Thermal Pads for MacBook Air?

Would you open up the back and install thermal pads in a MacBook Air?

If there was this much improvement, you would’ve thought that Apple would’ve installed them.

This, YouTube video discusses the MacBook Air M3 performance Drop due to thermals


1 Like

I wouldn’t, no. Then again, I wouldn’t buy a MBA for performance either. I buy Air’s when I need a computer for travel (which I rarely do now).

That’s the computer world in general. Most PCs aren’t designed for the most efficient cooling, be it desktop or laptops. Only the high-end machines tend to worry about it.

@SteveU75 I have an old fan-based external Belkin laptop cooling pad (not like the pads in your video) that I used to use with my Windows laptop at work and at home. No more Windows for me but Adobe software can sometimes warm up my fanless M1 MacBook Air, especially during hot summer months. When that happens I just plug in the laptop cooler with the MBA sitting on it and that brings the temperature back down into an acceptable range. Mine looks like this:


The thermal pads increase the temperature of the metal case. Without fans, the heat is uneven so can result in hot points as the saturation point around two minutes mentioned in the article is approached. Obviously the people who do this are okay with that, but that’s the downside that is probably the reason Apple doesn’t ship the Airs like this.

If they were worried about cooling it, they could just put fans in it as well. Supposedly my MBP has fans, but I have never heard them. It does get quite warm at times too, still never hear them.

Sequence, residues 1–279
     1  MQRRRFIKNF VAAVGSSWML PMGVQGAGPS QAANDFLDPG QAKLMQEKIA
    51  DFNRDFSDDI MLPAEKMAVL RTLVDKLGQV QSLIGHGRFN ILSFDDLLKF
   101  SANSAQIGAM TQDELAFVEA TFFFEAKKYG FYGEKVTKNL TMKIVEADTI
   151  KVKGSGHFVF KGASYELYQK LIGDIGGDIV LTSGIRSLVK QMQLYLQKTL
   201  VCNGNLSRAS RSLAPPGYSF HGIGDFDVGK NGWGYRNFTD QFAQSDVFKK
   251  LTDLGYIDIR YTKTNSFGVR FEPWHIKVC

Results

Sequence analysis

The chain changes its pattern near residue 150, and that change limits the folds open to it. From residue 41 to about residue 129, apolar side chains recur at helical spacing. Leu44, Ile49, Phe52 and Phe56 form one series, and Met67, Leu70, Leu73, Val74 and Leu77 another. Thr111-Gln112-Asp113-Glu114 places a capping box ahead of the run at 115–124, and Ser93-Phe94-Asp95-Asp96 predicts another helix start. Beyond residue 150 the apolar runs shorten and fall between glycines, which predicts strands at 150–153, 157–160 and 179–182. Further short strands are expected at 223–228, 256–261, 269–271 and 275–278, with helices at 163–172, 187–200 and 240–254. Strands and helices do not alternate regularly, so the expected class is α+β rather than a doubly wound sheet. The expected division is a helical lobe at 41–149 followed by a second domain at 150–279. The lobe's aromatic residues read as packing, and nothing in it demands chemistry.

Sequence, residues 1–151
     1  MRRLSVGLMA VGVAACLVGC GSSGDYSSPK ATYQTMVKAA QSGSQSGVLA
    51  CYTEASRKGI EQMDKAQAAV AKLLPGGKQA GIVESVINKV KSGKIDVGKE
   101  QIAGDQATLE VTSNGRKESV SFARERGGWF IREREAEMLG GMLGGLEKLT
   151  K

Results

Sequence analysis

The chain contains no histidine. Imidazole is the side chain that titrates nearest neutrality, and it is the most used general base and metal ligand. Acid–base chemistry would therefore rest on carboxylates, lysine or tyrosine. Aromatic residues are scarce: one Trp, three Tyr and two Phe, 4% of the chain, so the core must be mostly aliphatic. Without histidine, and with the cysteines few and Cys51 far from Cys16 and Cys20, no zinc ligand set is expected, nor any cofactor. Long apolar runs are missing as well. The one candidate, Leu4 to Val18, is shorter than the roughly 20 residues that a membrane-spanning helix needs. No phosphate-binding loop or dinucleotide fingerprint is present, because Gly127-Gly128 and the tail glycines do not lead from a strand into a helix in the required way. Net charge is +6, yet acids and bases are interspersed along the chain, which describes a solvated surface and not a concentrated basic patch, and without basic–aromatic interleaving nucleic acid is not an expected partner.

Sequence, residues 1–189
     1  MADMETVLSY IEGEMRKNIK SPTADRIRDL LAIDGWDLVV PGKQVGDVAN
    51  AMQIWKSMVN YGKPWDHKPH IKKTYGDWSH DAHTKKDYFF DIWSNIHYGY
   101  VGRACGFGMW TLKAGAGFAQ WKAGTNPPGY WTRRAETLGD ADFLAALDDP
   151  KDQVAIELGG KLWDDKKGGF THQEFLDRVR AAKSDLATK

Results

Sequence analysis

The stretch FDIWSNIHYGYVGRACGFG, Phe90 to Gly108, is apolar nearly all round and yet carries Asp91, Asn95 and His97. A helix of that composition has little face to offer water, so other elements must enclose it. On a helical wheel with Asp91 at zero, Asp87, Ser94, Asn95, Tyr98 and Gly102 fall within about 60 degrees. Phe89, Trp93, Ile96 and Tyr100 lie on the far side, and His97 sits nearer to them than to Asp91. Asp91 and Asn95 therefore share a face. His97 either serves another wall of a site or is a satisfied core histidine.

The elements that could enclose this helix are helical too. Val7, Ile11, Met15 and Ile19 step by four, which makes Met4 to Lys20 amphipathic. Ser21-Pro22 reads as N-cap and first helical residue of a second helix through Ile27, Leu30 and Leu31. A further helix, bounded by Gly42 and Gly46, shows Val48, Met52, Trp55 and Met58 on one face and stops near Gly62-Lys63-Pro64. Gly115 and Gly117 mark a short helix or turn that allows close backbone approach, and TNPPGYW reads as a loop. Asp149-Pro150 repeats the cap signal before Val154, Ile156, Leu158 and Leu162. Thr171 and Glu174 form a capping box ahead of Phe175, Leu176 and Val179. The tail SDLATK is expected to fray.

I think Apple is good with the current performance of it. They want you to to buy MBP if you want performance.

Fans in the Air would’ve compromised thickness and weight.

Air logic board and heat management:

Pro logic board and heat management (fans sit in the circles and fan assembly is thicker than the board.)

The Pro would have compromised battery life vs. the Air if it didn’t have equally thick battery cells on the other half of the laptop. The Air is able to spread its thinner battery cells over two thirds of the laptop (weight-balanced in the middle third of the case.) If the Air had the Pro’s board in it, even though it would be forced to be thicker it’d also have worse battery life.

Smart tradeoffs in both laptops. I agree with your main thrust: Apple’s fine with the performance and you should get the bulkier Pro if that’s important to you…

1 Like

Definitely not. It would likely compromise the warranty for a start.

The convergence in hardware design between the fanless M1 MacBook Air and iPads that have never needed fans was a major reason I bought an M1 MacBook Air!